Tuesday, 10 August 2010

Pasture based Dairyfarm Expansion....Think Water!

This week I have made some changes to the blog which I hope will make it more interesting to visit.
If you look down the right hand side of this blog page you will see a number of different sections. First is the Twitter updates listing recent entries I have made onto Twitter....you may not be a "tweeter" but these messages go out to a huge audience both in the UK & worldwide to a very mixed & often non farming audience. I think its important that we tell both consumers & Govt people what we are doing & regularly tell them what is good about grass fed milk & how environmentally careful we as pasture based dairy farmers really are every day of the year. Nor am I hesitant to tell ministers to sort problems like rampant ragwort on our motorways & roadsides which are a serious threat to dairy cows & dairyfarms.
Next I have added a number of other blogs from around the world that you might like to read & investigate.
Check out TOM'S FAVOURITE BLOGS (see on the righthand side of this page)
I hope you enjoy the extra reading material that is now on the Pasture to Profit Blog..

Stock Drinking Water is Very Important
Water is a crucial part of herd expansion & needs careful planning. You need to start with the existing water supply but often this is woefully inadequate. Too often water pipes are too small & nobody knows where the existing pipes are located.

Water & tracks go together. Water pipe lines are easier to install before subdivision fence lines or tracks are laid but it all needs to be part of the big plan. Get expert help to create a farm plan for the expanded herd size. I still think the number of paddocks is far more important than the actual size. I recommend 30 per farm.
Bertie Troy provides a very good mapping service for pasture based dairy farmers in the UK & Ireland http://www.grasstec.ie/

An important animal welfare issue for all dairyfarmers is that dairy cows have access to good quality drinking water at all times.http://www.dpi.vic.gov.au/dpi/nrenti.nsf/LinkView/85DA1027B08FF286CA25750E0005C7A85B65FD3894DB84E6CA2574AC000CF430/$file/Dairy%20Industry%20Welfare%20Report.pdf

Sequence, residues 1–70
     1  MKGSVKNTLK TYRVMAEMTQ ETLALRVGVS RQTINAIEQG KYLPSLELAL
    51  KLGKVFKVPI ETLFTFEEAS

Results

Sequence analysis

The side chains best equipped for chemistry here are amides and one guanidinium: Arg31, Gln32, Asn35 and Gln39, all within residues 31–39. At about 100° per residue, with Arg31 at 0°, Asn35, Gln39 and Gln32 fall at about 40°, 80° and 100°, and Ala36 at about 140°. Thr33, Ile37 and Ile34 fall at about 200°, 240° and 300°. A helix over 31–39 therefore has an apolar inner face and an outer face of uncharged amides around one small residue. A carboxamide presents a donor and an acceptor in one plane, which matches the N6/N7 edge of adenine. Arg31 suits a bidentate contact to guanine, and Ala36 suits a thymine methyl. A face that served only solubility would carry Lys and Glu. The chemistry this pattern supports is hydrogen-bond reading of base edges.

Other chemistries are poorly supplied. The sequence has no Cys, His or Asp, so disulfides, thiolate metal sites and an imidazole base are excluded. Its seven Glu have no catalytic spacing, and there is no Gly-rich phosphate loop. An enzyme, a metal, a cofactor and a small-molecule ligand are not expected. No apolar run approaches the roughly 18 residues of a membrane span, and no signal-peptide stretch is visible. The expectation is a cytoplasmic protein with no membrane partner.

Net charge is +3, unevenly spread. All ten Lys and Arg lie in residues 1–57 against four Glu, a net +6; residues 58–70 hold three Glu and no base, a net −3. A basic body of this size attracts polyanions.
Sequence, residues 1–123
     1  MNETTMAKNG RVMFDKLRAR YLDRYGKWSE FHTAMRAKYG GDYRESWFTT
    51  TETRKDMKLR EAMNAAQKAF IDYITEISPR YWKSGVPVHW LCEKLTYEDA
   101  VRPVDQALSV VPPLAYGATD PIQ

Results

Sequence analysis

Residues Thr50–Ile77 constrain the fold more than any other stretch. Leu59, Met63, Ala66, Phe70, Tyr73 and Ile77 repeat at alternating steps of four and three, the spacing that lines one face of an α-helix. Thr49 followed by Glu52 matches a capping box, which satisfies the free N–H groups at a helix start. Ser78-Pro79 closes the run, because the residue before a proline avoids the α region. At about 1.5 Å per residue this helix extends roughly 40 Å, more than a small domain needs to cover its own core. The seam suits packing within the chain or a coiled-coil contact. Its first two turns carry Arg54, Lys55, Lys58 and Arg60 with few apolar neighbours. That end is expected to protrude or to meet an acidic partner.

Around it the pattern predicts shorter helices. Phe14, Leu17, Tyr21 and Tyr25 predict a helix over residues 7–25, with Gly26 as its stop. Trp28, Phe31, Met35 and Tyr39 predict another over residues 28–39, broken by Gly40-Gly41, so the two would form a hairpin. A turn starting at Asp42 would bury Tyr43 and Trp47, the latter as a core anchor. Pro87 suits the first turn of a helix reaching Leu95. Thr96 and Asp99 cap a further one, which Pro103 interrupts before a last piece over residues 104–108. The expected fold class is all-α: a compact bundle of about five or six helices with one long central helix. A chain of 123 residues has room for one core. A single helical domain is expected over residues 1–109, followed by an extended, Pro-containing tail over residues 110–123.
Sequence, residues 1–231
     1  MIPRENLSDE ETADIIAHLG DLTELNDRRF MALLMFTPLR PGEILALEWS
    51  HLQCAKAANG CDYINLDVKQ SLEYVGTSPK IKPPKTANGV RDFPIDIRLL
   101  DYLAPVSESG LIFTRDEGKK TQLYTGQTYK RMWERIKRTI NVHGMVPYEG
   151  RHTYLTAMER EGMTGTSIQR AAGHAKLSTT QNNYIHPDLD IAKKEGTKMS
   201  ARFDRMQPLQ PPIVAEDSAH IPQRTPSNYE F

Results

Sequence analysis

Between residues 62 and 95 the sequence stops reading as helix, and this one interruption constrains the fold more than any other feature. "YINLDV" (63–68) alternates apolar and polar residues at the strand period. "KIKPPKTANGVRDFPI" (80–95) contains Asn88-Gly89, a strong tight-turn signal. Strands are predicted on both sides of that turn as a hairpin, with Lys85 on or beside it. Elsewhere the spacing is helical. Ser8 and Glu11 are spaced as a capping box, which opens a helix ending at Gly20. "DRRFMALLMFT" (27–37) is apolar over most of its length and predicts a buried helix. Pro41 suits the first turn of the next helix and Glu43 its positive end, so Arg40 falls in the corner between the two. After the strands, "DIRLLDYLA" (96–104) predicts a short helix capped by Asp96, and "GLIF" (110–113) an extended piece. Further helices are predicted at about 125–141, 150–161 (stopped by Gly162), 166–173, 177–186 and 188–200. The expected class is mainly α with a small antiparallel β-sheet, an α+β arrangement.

However this is also closely linked to profit & milk production as milking cows without adequate water drop in milk production immediately.
No farmer likes to see any livestock remotely short of water.
Components of a Farm Water Supply
There needs to be a Water Source (Bore or Spring),Intake (powered by pump or gravity), Storage (Tanks or Dam of adequate size), Reticulation (under ground pipes that are big enough for herd demand eg 400 cows minimum of 50mm) & Outlet (troughs....the least important component of the system).

The pump (head) & the pipe size are critical to good water flow. Even if a pressure unit is put onto an existing water supply there is only a certain amount of water that can flow thru any given pipe diameter.
A loop line is much superior to a main line system.....it affects the total cost & importantly water troughs can be placed either above or very close to the pipeline. This minimises the short piece of pipe (less than 1 metre) of smaller diameter leading to the trough valve. Use full flow valves that are built for purpose.
There are some legal requirements that chould be checked .....mainly related to non return valves & the protection of pipes.

In the UK dairyfarmers have in the past relied on "Town or Mains Water" for stock water requirements but on most pasture based dairyfarms this is either inadequate or too expensive (or both). The costs of drilling for bore water are normally recouped within 2 yrs thru the savings on mains water. Once you have control over the water supply you can set up pumps, reservoirs(Normally 1 day of farm requirements), looplines & water troughs.
It also allows you to install dosetron systems for minerals & bloat treatment.

Water Requirements for Dairyfarms

Daily drinking water requirements depend on the Dry Matter% of the feed, temperatures, animal production (milk litres or growth) & stage of lactation.

There are a number of ways to calculate water requirements.
First way is that with the air temperature between 15-20 degrees C.....cows need 30-40 litres/day for maintenance PLUS 3-4 litres/per litre of milk produced.

The second method is based on the "DM intake X 6" plus 1 litre water/litre of milk produced.
Often if the diet is substantially fresh pasture then 80-90% of the water intake is via the pasture eaten. But you still need to allow for the hot dry summer peak demand day where the cows dietary intake could be mostly silage & concs.
Peak water flow rates needed on a dairy farm should be worked out on a per cow basis.

Milking Parlour....allow 70 litres per cow per day.
Drinking water/troughs...70 litres/cow /day (in hot weather this can peak at 140 litres/day), available in a five hour period = 14 litres/cow/hour

So an example:-
400 cows drinking 14litre/hr= 5600litres/hr flow required
To get litres/minute divide this by 60: 5600/60=93litres/minute required.

Trough size

Trough size is important for access, rather than water storage. Paddocks for a herd of 400+ cows should perhaps have 2 water troughs.

Trough size should be half the one hour demand

So our 400 cow herd needs 5600litres/hr, so the water trough capacity in each paddock should be at least 2800 litres (2 x 1400(370gals)).

Plan water requirements ahead of future development.....too often the existing water supply was barely adequate......let alone sufficient for a future expanded herd size....Go BIG is Good with Water....Think Ahead!

Please document a plan for the farm water supply so you & everyone else will know where the pipes & taps/valves are on the farm map.

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